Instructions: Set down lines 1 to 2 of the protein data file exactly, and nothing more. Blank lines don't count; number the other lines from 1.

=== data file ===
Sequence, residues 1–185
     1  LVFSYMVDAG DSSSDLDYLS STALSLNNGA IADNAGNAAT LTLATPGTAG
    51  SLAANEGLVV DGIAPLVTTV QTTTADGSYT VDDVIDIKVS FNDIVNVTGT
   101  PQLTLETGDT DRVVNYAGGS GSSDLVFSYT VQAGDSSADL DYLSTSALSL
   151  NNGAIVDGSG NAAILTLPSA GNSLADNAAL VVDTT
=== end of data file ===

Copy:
Sequence, residues 1–185
     1  LVFSYMVDAG DSSSDLDYLS STALSLNNGA IADNAGNAAT LTLATPGTAG